It’s generally been a crappy week for a lot of people in the world. hurricane’s, monsoon’s, wild fires, nut job dictators launching missiles, political crap, economic collapse, and so much more. Unfortunately, that’s life, and while we can’t change it, we can at least accept the fact that things get better. It’s Wednesday afternoon and I just watched a really wonderful animation that was written by Hannah Maschoff, directed and animated by Eli Guillou, about loss, and moving forward. Shine a little light into your afternoon and enjoy the story and visuals.
For the last month and a half, along with my daily workload, I had been producing a bunch of stuff for last week’s InfoComm 17 which all but consumed my waking hours. Now that the show has past, and looks like it will be a huge success for my company, I decided to take some time this Monday morning and do some research and get some inspiration. The video below from BRIKK is a three and a half minute animation that is beautifully executed and provides you with some food for thought on this Monday morning. Follow along as BRIKK explores the major milestones that have shaped the world as Earth moves farther into the Anthropocene – the latest geologic epoch named for humanity’s influence on the globe. Get lost in the lush textures, rich color pallet, and illustrative storytelling. Then ask yourself, “Is there intelligent life on planet earth?”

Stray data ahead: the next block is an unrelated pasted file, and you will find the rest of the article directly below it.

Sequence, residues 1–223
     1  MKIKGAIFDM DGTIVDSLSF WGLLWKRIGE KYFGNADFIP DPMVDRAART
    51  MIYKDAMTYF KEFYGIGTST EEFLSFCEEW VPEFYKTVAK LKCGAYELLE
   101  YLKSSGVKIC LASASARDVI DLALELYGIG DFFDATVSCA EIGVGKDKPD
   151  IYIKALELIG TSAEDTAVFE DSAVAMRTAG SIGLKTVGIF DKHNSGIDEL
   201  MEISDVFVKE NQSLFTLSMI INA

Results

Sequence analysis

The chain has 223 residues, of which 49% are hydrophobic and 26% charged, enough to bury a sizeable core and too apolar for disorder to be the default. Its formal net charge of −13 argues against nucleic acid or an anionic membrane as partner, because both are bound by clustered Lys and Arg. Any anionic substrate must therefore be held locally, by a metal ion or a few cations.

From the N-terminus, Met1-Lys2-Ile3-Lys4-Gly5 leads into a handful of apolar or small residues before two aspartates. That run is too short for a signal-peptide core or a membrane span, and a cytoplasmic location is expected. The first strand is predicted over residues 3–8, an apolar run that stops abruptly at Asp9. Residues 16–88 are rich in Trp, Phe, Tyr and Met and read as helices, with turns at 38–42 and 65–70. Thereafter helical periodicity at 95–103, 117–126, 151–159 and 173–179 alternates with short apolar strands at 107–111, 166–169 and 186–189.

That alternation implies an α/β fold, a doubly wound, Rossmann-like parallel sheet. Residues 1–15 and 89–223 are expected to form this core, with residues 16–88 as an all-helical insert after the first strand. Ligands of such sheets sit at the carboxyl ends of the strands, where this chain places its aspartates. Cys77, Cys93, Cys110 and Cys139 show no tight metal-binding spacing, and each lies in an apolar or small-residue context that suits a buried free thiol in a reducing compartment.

I really like this video telling the story of how Deep Purple came to write their epic hit “Smoke on the Water”. Maybe it’s because it is one of the first songs I learned to play on the guitar. The video has a great look to it and the story is compelling enough to draw you in and keep you engaged until the end. What I don’t get is why the marketing team for Genesis cars thought this would be solid advertising for them. There is no connection between the band, the song, the story or the car. There isn’t even a car in the story, so who thought this was a good way to sell cars? At the end of the video there is the tag line “Inspired by Genesis”. Are they trying to say our cars are so great they are like a casino burning to the ground at the end of a Frank Zappa concert? It just seems like it is the wrong message. This kind of reminds me of Disney using Iggy Pop’s “Lust For Life” to advertise family cruises, or Lee Jeans using Creedence Clearwater Revival’s “Senator’s Son” to sell jeans without actually listening to the lyrics in the songs.
Perhaps the marketing department was looking for a long shot and thought if enough people talk about the fact that this makes no sense we will actually move some automobiles. Maybe someone at Genesis is a huge Deep Purple fan. Great video though. Solid story, great animation, nice look from rom Great Big Story.
Every year British department store chain John Lewis goes all in on their holiday marketing campaign, and this year is no exception. From the TV commercial, “Buster’s Garden” to the extended length YouTube spot, the VR 360 companion video and the website, plus social media (they have a dedicated Snapchat filter you can get) they have pulled out all the stops. The video is a really nice blend of CG and live action with a story that ties it all together. The concept is built around the story of a little girl called Bridget who loves to bounce. When her mom and dad buy her a trampoline for Christmas, they soon discover that she isn’t the only one with a passion for jumping.